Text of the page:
Winston-Salem Symphony to Open 2018–2019 Season with First Music Director Candidate Concerts: Vladimir Kulenovic Conducts Brahms
WINSTON-SALEM, N.C. – The Winston-Salem Symphony ’s 2018–2019 season promises to be thrilling as five brilliant conductors vie for the role of Music Director. The season opens when the first candidate, Vladimir Kulenovic (pronounced “koo-LEN-o-vich”), takes the podium on Sun., Oct. 14 and Tues., Oct. 16 for a dynamic program featuring C.M. Weber’s magical Overture to Der Freischütz (“The Magic Bullet”); Dmitri Shostakovich’s riveting Cello Concerto No. 1 with award-winning guest cellist Julian Schwarz; and Johannes Brahms’ dramatic Symphony No. 3.
“Our very own original “American Idol™”-like season-long search for your Winston-Salem Symphony’s next Music Director is beginning,” said E. Merritt Vale, Winston-Salem Symphony President & CEO. “We are extremely excited to introduce the finalists to the community and are eager to hear what you think of them. We want you to watch them conduct and meet them in other settings during their visit to Winston-Salem. You can then share your thoughts by completing a short survey after the concerts. Your feedback is invaluable, so we can make a well-informed decision about your next Music Director.”
Under the baton of Kulenovic, the concerts will take place on Sunday, October 14 at 3 p.m. and Tuesday, October 16 at 7:30 p.m. at the Stevens Center of the University of North Carolina School of the Arts, 405 West Fourth Street in downtown Winston-Salem. Tickets range from $20–$76 and are available in advance by calling the Symphony Box Office at 336-464-0145 or online at WSSymphony.org.
Music Lovers’ Luncheon, a fun and informative pre-concert event, will occur the Friday before each 2018–2019 Classics Concert and will give attendees a chance to get to know the five Music Director finalists and the renowned guest artists. The Music Lovers’ Luncheons will take place at Forsyth Country Club at 3101 Country Club Road in Winston-Salem. The first luncheon is Friday, October 12 from 12–1:30 p.m. This intimate afternoon event will include an enlightening discussion led by the Music Director candidate Vladimir Kulenovic and guest cellist Julian Schwarz. Music Lovers’ Luncheons are an opportunity to gain insights on the music presented and learn more about the performers personally. Advance is registration required and can be made by calling 336.464.0145. The luncheon is $25 per person.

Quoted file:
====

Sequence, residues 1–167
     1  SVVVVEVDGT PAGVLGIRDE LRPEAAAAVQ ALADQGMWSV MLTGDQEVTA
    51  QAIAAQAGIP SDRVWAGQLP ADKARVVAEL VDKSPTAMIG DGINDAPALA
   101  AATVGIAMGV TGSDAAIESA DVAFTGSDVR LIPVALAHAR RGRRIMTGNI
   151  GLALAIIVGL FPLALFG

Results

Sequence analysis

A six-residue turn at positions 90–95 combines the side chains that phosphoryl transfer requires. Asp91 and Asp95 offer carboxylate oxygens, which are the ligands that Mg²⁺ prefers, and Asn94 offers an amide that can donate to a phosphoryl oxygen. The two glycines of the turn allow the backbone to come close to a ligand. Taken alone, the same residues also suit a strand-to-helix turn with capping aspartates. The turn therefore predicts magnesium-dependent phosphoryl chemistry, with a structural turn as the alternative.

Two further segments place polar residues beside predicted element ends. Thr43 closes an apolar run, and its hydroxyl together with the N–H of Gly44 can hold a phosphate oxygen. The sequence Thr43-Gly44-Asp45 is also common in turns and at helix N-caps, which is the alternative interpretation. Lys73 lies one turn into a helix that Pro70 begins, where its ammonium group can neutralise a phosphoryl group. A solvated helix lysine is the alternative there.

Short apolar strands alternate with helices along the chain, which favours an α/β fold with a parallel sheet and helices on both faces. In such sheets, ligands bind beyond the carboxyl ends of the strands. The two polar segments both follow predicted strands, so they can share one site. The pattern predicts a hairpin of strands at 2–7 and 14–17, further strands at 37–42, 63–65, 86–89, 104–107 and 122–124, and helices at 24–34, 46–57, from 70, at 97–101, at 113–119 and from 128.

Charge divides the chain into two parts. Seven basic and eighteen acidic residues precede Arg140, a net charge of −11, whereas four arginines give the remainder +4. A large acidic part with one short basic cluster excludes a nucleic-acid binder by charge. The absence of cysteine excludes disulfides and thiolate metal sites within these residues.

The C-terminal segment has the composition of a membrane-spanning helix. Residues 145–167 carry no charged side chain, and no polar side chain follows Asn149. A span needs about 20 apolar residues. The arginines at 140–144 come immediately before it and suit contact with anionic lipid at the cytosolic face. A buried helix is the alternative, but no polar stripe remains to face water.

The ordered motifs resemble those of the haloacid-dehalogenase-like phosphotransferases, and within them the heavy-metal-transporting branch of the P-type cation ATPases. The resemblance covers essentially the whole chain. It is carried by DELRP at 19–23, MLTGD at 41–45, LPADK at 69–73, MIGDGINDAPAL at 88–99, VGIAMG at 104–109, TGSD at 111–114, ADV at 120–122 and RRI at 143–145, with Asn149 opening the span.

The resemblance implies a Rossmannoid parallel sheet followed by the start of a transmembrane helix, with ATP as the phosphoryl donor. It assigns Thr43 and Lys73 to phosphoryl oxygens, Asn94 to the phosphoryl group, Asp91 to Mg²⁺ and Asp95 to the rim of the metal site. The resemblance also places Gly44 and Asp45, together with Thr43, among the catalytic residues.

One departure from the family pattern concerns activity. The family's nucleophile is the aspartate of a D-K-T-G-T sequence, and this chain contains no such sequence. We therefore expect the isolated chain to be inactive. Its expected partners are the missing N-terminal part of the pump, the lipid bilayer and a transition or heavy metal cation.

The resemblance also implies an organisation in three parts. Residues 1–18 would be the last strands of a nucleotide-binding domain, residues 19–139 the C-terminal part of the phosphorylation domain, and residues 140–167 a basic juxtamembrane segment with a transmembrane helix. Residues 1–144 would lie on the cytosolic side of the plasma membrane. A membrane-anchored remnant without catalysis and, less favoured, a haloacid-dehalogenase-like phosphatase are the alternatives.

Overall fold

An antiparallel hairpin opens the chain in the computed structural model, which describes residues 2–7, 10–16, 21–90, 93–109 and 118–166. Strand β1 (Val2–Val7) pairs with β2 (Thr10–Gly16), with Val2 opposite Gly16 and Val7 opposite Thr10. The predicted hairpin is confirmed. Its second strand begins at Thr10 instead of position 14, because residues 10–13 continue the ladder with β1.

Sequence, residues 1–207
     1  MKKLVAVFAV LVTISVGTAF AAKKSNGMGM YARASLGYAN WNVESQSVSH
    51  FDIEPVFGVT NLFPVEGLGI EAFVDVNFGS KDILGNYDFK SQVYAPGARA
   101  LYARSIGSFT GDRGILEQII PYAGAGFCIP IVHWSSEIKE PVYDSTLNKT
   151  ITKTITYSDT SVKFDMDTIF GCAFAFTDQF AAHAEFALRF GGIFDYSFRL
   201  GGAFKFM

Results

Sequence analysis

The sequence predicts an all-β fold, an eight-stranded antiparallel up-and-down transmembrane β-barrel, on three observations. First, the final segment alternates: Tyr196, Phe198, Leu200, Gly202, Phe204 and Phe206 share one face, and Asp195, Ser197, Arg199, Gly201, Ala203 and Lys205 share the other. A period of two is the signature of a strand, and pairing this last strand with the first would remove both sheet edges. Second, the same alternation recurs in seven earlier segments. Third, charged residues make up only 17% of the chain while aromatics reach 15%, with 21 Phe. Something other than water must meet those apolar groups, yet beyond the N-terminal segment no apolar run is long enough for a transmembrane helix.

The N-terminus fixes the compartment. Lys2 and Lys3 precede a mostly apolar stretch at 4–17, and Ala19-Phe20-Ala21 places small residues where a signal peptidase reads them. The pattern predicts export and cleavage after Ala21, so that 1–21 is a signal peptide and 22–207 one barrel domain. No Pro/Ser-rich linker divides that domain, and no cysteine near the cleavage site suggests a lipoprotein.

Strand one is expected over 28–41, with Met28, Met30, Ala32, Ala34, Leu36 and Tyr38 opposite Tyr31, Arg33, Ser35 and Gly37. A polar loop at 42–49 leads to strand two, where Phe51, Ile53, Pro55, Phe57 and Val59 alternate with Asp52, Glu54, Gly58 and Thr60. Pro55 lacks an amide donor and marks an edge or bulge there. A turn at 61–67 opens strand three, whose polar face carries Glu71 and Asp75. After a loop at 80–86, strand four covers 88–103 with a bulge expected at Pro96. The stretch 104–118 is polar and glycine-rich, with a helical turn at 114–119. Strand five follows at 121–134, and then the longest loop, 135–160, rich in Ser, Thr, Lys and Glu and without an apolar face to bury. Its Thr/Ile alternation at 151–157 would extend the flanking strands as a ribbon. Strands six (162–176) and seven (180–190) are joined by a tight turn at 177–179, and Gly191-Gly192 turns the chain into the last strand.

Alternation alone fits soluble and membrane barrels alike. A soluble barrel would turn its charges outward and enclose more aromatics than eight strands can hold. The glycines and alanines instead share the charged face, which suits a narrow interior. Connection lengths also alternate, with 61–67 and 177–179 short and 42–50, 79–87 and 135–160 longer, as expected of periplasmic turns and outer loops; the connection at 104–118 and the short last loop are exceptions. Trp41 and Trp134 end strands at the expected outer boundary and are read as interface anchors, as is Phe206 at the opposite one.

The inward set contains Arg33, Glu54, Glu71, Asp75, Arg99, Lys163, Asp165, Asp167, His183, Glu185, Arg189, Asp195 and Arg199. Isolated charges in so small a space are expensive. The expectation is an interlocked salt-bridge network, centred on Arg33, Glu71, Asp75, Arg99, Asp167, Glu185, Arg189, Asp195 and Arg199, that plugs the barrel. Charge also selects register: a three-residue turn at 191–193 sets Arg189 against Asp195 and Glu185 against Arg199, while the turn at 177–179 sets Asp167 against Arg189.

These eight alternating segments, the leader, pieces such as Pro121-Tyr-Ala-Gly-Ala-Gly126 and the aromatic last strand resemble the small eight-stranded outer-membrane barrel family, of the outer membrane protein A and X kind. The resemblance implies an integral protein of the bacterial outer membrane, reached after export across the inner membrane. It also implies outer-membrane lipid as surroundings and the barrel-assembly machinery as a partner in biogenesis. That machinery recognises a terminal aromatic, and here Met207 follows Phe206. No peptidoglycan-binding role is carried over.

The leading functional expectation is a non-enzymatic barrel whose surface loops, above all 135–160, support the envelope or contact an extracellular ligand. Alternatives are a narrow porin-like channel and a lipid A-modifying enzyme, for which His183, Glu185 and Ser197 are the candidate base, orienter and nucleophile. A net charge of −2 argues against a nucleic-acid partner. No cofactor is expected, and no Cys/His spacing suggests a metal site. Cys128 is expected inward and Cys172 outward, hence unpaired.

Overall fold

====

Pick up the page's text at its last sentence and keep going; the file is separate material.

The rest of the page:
For their Classics Concert series, each Music Director candidate was assigned two main pieces to conduct and then was given the opportunity to pick an overture of their choice. Kulenovic chose to open the concert series with Carl Maria von Weber’s Overture to Der Freischütz. He opted for this piece for a variety of reasons including, of course, it’s remarkable beauty, but he also felt adding an operatic piece formed a good contrast to the Brahms and Shostakovich, and in addition, themes of love run through all three pieces on the program tying them together thematically.
Weber composed Der Freischütz in 1821 and it, as David B. Levy, Professor of Music at Wake Forest University writes in his program notes for this concert, “quickly became the standard that defined German Romantic Opera. Supernatural events, a rural landscape (the forest), religiosity, an alienated hero, and, above all, redemptive love are its primary ingredients. It is safe to say that without Weber’s model, the operatic achievements of Richard Wagner later in the nineteenth century would have been unthinkable.”
The concerts continue with the great 20th-century composer Dmitri Shostakovich’s Cello Concerto No. 1 in E-flat Major, op. 107. Besides being a masterwork for cello, which will highlight the artistry of guest cellist Julian Schwarz, this concerto also features many beautiful moments for French horn. It is dark, intense, and powerful, a great showcase for the cello and orchestra, challenging them to achieve virtuosic heights.
Closing out this concert series is Brahms’ stunning Symphony No. 3 in F Major, op. 90. Composed between 1876 and 1884, it is the shortest and yet most complicated of his four symphonies. Dramatic and remarkable in its beauty and complexity, it is a thrilling piece that is a great way to kick off the Symphony’s 2018–2019 season.